We have made it through some rough patches where you feel an overwhelming amount of negative emotions. I have had to remind you often that you and your sister are complete miracles, formed entirely out of God’s incredible grace and love toward us. I have enjoyed watching you embrace that truth and grow in your own relationship with Christ. Which is what led to your desire to take the next step and be baptized.

On a side note, it was hard for Sis to watch you get baptized without her. She wants to experience everything with you (even going so far as to say she wishes she had diabetes sometimes) because she loves you so much. Did you hear her say she wished she could wear her water wings in the baptismal so she could be “bap-a-tized” too?? We got a good laugh out of that one! Thank you for setting a good example for her to follow.

Once you were all dried off, new clothes on and heading back to service I asked you if the Lord had said anything to you, or if you felt different. Your answer brought tears because I know how much you have struggled with feelings of unworthiness, loneliness and self-hate. I had prayed that God would do a miracle when you were under the water. Something only He can do. I prayed for your heart. Those deep places only you and He know about. And He answered. When you came up out of the water, He gave you that miracle. You told me, “Mom. I feel completely forgiven. I feel so incredible.”

To feel completely forgiven. What a gift. Nothing separating you from the love of God. Now you have your whole life ahead of you, to live in uninhibited relationship with your Savior.

I can’t wait to see where He leads you. Because you are His. You are God’s boy.

365 Days Later

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One year ago tonight as I put my son George to bed, I remember praying while he fell asleep. I knew something was wrong because he was excessively thirsty, hungry, fatigued and had severe mood swings. I was scared and unsure. When we got up the next morning, I weighed him and discovered that he was losing weight. We went to the doctor that afternoon and George was given a diagnosis of Type 1 Diabetes. And our lives have never been the same.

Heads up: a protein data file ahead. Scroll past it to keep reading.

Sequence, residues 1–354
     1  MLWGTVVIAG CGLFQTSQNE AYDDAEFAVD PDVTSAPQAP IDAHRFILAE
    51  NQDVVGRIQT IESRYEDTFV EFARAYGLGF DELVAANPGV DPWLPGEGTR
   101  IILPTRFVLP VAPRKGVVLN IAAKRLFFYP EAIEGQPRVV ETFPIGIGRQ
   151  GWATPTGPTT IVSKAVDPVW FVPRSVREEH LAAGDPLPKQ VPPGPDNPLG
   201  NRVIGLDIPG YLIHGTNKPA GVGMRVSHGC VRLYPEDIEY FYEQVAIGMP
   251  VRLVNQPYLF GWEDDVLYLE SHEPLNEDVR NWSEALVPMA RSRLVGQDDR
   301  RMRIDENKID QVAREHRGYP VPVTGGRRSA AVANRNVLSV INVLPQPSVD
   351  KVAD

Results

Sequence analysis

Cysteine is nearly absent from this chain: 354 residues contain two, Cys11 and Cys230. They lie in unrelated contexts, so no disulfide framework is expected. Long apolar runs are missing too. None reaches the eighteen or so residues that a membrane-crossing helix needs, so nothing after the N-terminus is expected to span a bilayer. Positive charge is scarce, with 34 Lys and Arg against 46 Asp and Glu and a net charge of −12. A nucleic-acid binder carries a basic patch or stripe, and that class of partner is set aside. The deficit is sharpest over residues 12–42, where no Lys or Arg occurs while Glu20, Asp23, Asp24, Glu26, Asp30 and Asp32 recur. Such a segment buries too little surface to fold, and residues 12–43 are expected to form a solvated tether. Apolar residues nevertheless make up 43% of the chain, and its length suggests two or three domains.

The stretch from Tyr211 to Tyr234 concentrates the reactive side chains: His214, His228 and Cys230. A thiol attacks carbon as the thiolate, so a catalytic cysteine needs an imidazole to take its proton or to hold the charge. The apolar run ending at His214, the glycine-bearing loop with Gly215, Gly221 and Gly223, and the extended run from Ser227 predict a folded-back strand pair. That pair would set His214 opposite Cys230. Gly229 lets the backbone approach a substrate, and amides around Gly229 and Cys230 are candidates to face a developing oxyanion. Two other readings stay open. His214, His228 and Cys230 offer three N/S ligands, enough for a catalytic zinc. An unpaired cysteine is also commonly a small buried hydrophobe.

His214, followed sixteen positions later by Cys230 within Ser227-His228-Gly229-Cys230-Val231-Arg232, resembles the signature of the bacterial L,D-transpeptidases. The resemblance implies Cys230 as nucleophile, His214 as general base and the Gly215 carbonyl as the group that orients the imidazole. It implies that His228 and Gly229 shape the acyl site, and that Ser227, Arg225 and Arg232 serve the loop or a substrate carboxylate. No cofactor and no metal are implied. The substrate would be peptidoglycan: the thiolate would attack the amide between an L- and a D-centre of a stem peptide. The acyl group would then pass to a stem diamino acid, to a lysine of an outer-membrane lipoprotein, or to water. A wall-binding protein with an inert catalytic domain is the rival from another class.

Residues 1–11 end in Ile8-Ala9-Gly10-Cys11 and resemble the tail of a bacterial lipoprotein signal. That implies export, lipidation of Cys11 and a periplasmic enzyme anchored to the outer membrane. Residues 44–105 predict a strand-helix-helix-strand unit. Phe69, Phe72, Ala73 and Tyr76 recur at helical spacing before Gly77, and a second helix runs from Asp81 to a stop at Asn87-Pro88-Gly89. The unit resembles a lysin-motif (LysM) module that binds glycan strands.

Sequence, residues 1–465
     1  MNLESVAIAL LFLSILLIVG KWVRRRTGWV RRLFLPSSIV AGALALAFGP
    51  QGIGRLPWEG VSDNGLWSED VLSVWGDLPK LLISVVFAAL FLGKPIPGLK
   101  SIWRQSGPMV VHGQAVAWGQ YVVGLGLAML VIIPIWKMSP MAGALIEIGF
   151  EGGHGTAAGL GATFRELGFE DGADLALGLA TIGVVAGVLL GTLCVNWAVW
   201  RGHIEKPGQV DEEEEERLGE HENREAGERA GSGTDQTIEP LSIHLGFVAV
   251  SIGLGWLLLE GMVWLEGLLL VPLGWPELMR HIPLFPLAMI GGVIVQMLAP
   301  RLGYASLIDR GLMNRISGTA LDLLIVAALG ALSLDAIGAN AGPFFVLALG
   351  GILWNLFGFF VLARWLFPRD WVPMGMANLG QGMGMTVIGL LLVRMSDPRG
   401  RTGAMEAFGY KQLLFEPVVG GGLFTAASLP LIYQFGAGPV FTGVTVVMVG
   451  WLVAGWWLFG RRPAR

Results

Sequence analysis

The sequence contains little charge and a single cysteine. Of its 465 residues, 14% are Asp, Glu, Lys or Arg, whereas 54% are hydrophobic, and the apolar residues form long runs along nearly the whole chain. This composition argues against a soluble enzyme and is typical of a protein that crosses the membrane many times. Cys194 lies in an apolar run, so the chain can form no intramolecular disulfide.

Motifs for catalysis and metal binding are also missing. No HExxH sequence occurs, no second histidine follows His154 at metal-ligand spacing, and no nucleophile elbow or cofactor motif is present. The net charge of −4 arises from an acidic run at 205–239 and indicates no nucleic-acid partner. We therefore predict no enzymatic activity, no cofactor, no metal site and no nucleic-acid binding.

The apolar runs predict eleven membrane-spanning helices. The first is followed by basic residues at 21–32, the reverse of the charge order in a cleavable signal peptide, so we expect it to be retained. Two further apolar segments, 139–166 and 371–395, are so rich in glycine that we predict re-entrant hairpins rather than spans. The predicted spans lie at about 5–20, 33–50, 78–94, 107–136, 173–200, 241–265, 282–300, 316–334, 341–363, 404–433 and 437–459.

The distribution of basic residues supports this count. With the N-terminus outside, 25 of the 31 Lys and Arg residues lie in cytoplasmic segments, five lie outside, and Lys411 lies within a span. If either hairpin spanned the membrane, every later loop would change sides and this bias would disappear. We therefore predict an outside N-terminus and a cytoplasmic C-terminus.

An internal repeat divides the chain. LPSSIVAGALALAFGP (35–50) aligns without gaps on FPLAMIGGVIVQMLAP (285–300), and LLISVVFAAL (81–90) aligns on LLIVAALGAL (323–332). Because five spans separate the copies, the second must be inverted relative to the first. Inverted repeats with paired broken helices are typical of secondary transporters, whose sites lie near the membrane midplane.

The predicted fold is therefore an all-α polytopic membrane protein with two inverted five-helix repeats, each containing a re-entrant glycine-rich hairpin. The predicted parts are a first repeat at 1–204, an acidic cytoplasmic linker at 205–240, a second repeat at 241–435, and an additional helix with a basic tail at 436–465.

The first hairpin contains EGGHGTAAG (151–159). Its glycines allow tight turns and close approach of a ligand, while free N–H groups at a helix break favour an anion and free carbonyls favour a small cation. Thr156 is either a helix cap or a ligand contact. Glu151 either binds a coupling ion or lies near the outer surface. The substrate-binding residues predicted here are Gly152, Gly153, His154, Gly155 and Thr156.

One year ago today, I was blissfully unaware of how to count carbs for meals. Testing someone’s blood sugar was a mystery, and I definitely had never been trained on how to administer insulin through an injection. I didn’t know the purpose of insulin, or the function of a pancreas. Long-acting insulin, short-acting insulin, lancets, test strips, pens (a fancy way to give shots), blood glucose records, food records, carb to insulin ratios, sick days, pumps, insets, cartridges, syringes, ketones, glucagon, and of course hypo or hyper-glycemia. All foreign. Like a foreign language in a foreign land.

365 days later it is now my native tongue and the T1D community familiar ground.

Some people told me that it would get better. That our “new normal” with T1D would get easier. That has not happened. I’m not sure it is possible with a chronic disease in which 24 hours a day, 7 days a week I am my son’s pancreas. And nutritionist. And nurse. And teacher. And mother. And comforter, and pastor/shepherd (although there is ONE much better at those roles, and I point George to Him every time I can). However, the way I respond to our new normal is better. And because of technology we can treat diabetes in a more straightforward way. For this I am extremely grateful.

A year ago tonight, I would never have fathomed going through some of the experiences we have had to endure. But there is the key phrase: Going Through. I have learned that grief is a season, not a destination. My stage of grieving now is such that I look back over the past year with an ache in my heart but faith and hope in my spirit. I have had some dark times. Anxiety. Depression. Isolation. Fear. Deep deep grief and loss. Sometimes it seemed like there was no light at the end of the diabetes tunnel. But none of those places were destinations for me. Those are not destinations for any of us.

What am I destined for?

365 days after a life-changing diagnosis for my beloved son, I can truly say that I’m destined to give God glory. I’m destined to lay all my pain, weakness, fear, sin and doubt at His feet and just worship Him. Because I learned this year that most of the time, that is the one and only thing I am capable of.

I learned that I’m far weaker and more fragile than I ever imagined.
I learned that I am completely dependent on His faithfulness.
I learned that He takes care of my son in ways I never can.
I learned a new level of teamwork and partnership with my incredible husband Shane.
I learned that He has uniquely fashioned my beautiful daughter to be on this life journey with us.
I learned that some of His people are truly truly His hands and feet. And He sends them to me exactly when I need them.
I learned that prayer is everything.